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Sunday, January 04, 2015

A Year of Dining

Jeet Jet? Dept.: My annual list of the most appealing places of the many I wrote about during the previous twelvemonth revealed a commonly suspected truth: there’s great dining to be found in pubs and low-cost ethnic eateries. Here’s the round-up.


IT’S NOT JUST COMMUNITY SUPPORT that necessitates the pursuit of locally grown and raised food. It’s the health of it. Try to get a medium-rare burger in any of the chain eateries. Food-service people know this. It’s one of the reasons that the better eateries are being more careful about their food sources. So I lead this year’s review of my favorite restaurants with The Table at Fort Plain (70 Canal Street, Fort Plain), a place that’s also helping give life to a town hit by economic downturn and floods. Chef-owner Aaron Katovitch ran a fine-dining restaurant on Cape Cod, among other successful ventures, but he wanted to return to his hometown, where he offers a changing menu of farm-sourced items in a friendly, informal setting.

The Table at Fort Plain | Photo by B. A. Nilsson
Three top-notch fine-dining venues we visited this year happen to feature Italian fare, a much more desirable alternative to the fussy sprigs and spheres creeping onto our plates. Mio Posto (68 Putnam St., Saratoga Springs) is in a legendarily tiny space with only eight tables, but Danny Petrosino proved that you can make everything that lands on each table special. He did so well that he’s now helming the kitchen at nearby Maestro’s, but his friend and assistant Danny Urschel has taken over and we’re promised the same excellent quality and welcoming atmosphere. And the Bolognese sauce will always be available.

Mio Vino Wine Bar & Bistro (186 Main St., Altamont) has many more tables, but you may have a bit more of a drive to get there. No matter: It’s worth it. Michael and Emilia Giorgio partnered with the dynamic Tim Turano, which means that the service is as superb as the food, a rare combo in our area. The menu features small plates of items like eggplant with mozzarella and roasted red peppers or pulled osso buco; sandwiches and pizzas are offered, and entrées like pan-seared scallops, prosciutto chicken and Angus ribeye.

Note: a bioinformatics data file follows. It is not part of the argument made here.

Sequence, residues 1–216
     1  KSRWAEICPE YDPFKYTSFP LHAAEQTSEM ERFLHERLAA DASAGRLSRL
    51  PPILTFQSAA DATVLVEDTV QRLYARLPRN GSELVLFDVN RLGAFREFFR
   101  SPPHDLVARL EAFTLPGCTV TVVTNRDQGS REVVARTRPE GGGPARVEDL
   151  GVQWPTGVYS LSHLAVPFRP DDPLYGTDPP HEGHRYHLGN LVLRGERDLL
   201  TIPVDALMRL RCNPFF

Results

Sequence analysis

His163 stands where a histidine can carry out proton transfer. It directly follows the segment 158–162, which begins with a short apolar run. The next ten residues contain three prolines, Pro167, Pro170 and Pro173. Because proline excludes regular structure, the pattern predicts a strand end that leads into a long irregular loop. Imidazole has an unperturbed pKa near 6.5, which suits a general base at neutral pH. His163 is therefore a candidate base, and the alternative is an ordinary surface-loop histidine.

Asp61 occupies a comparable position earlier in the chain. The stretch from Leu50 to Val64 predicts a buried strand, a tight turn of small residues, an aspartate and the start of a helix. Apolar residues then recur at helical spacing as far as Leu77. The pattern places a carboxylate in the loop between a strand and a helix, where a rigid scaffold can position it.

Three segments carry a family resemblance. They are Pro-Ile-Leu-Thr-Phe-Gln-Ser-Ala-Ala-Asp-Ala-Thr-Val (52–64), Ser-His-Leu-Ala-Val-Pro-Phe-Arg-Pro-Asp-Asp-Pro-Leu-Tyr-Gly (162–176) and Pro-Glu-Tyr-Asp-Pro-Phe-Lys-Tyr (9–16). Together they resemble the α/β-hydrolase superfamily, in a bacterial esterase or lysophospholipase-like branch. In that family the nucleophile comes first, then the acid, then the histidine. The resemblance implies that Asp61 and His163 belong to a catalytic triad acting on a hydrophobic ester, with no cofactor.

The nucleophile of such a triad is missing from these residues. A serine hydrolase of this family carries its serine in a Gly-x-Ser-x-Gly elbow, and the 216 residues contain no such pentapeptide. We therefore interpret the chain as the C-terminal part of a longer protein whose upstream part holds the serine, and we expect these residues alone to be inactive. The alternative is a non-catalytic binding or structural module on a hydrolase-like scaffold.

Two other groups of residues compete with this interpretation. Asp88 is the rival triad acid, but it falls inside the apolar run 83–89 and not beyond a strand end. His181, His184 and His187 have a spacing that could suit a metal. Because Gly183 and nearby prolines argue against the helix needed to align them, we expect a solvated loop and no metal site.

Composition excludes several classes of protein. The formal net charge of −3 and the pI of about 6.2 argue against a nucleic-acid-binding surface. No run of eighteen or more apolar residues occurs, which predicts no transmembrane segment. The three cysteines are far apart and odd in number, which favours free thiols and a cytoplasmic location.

My first visit to Lo Porto Ristorante Caffe (85 4th St., Troy) was in 1992, when it had been open for a year; by 2004, chef-owner Michael Lo Porto’s nephew, Carmello, had been installed as executive chef, and still holds that position, although you’re likely to see Michael there and you’re still able to get Veal Scorcese, a dish developed for the famed director when he was in town shooting The Age of Innocence. Given the Lo Porto family’s Sicilian background, this is also a place for excellent seafood.

Three terrific pubs also are on the list. One of them is in Chatham, where it’s also one of the very few Welsh pubs in the country. Peint o Gwrw (37 Main St, Chatham) is longtime village resident Tom Hope’s opportunity to offer his neighbors the food and hospitality he prefers, and during the 14 years he’s been open the place has suitably evolved to the point where he even indulges his more oddball tastes. Which is why various curries are regular menu items. He also rebuilt the inside, and his care and expertise shows. Settle in with a pint, enjoy the music, and don’t be afraid of the menu.

England, meanwhile, was home to the man who opened Man of Kent Tavern (4452 Route 7, Hoosick Falls) on a middle-of-nowhere stretch of Route 7 between Troy and Bennington, but 25 years later it’s thriving under the ownership of John Bombard, who is keeping the original formula while adding some needed menu expansion. The ceiling of the unprepossessing place is obscured by beer towels, gimme caps, pennants and football club banners. The bar stretches almost from front to back and a few tables are scattered beside it. There’s outdoor seating when the weather is warm. Enhancing the burgers-and-other-sandwiches menu are entrées like mussels and bratwurst cooked in lager, stuffed sole and salmon Oscar, reflecting a commendable emphasis on seafood. Sixteen beers on tap, 130 in bottles.